Writing We seek definition

The Software Developer’s Career Handbook

I am delighted to announce The Software Developer’s Career Handbook has been published. I call it the Bird Book because, well, there’s a bird on the cover.

The Bird Book is the second edition of Being Geek. The absence of the words “being” and “geek” in the title hints that something is up. Reading the entire book is a requirement for revising an edition. During this process, I discovered there was a lot to like. In particular, the first chapter has a five-line declaration that explains how I think… all the time:

We seek definition to understand
the system so that we can discern
the rules so that we
know what to do next so that
we win.

Every word in that 26-word run-on sentence is chosen carefully. Same with the italics. And the line breaks. These words describe a virtual machine constantly running in my head. What does it mean? How does it fit into my model of how it works? How must I update my understanding to predict this in the future because I need to win?

You can understand why I didn’t like the first edition using those five lines. It’s right there in the first line: definition. It muddied the system of understanding I wanted to provide. If you purchased and read the first edition (thank you), you quickly realized that I wasn’t writing about geeks; I was writing about software developers. I realized this when I discovered I could replace every occurrence of “geek” with “engineer”, and it was better writing.

Here’s the rest surgery I performed:

  1. I added eight new chapters to the book, bringing us to a healthy 48 chapters. For those of you who purchased the atomic version of this book, you’ll enjoy the heft of holding this book. I know I do.
  2. I edited the hell out of all existing chapters. The best example is “The Business”, which must address companies’ new compensation strategies and cooling start-up marketing. Other chapters received less attention, but all were modernized.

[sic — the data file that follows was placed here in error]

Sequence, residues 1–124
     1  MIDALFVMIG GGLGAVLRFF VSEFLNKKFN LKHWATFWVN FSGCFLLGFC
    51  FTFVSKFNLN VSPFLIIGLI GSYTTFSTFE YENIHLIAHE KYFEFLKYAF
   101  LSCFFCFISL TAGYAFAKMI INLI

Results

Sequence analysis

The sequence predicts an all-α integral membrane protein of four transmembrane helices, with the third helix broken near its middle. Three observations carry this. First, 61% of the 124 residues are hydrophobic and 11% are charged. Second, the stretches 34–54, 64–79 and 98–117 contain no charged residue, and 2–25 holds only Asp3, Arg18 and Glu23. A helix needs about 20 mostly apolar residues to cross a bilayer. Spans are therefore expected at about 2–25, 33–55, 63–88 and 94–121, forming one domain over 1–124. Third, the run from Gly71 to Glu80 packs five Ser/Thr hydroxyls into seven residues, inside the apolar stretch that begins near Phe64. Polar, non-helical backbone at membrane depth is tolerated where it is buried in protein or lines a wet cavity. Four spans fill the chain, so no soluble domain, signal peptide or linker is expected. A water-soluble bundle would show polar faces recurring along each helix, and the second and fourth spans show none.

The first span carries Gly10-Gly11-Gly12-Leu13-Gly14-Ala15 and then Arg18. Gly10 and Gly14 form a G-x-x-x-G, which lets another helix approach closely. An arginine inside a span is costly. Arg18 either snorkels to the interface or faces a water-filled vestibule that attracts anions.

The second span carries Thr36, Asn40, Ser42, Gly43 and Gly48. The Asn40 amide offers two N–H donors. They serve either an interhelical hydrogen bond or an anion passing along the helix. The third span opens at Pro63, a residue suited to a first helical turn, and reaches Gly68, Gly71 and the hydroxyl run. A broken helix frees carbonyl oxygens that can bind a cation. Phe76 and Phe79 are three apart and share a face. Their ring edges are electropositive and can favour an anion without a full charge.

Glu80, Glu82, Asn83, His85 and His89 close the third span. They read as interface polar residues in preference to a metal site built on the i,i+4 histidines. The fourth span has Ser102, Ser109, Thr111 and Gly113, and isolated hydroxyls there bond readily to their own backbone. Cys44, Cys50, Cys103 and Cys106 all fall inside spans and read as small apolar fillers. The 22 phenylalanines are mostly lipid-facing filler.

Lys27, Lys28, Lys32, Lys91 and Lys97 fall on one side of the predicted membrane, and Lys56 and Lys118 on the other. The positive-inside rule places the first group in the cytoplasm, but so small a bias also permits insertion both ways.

3. I removed two chapters from the book. They were no longer relevant or straight up didn’t make sense. Sorry.
  4. There’s a new cover with a bird on it. I love the bird and the color scheme, but will miss the Being Geek cover. Those sneakers tucked between the black business shoes will always be a favorite.

The Yellow Book, the Bird Book, and the Bee Book. They have names, but I always think about how the covers make me feel. The Yellow Book’s cover has evolved from frenetic scribbles and scratches to a more calm and professional vibe. Don’t worry; the pen is coming back in the next edition. The most recent book, the Bee Book, delivers a classic O’Reilly cover. Simple, clean, and an animal to convey… a hint of the theme. We repeated this vibe for the reboot of Being Geek.

The trilogy documents different parts of my leadership career. The Yellow Book continues to capture my thoughts on becoming a leader. The most recent book, The Bee Book, focuses more on senior leadership. This book, The Bird Book, documents the struggles with the job of middle management. These leaders are the connective tissue that holds the company together. They do this not with fancy titles but with the satisfaction of building the product with their hands. They do this in the middle. At a distance, with influence, partial information, intuition, and an evolving sense of strategy.

I document more of the story of how this edition started in the preface, but I want to thank the Rands Leadership Slack for reminding me of the good writing in this book. If you hadn’t asked, there wouldn’t be a new edition.

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2 Responses

  1. I’m confused – you say “This book, The Bird Book, documents the struggles with the job of middle management.” but the description on amazon and even the title of the book seem to imply that it is aimed at software developers?

    Is this intended for a more or less senior audience than ‘Managing Humans’?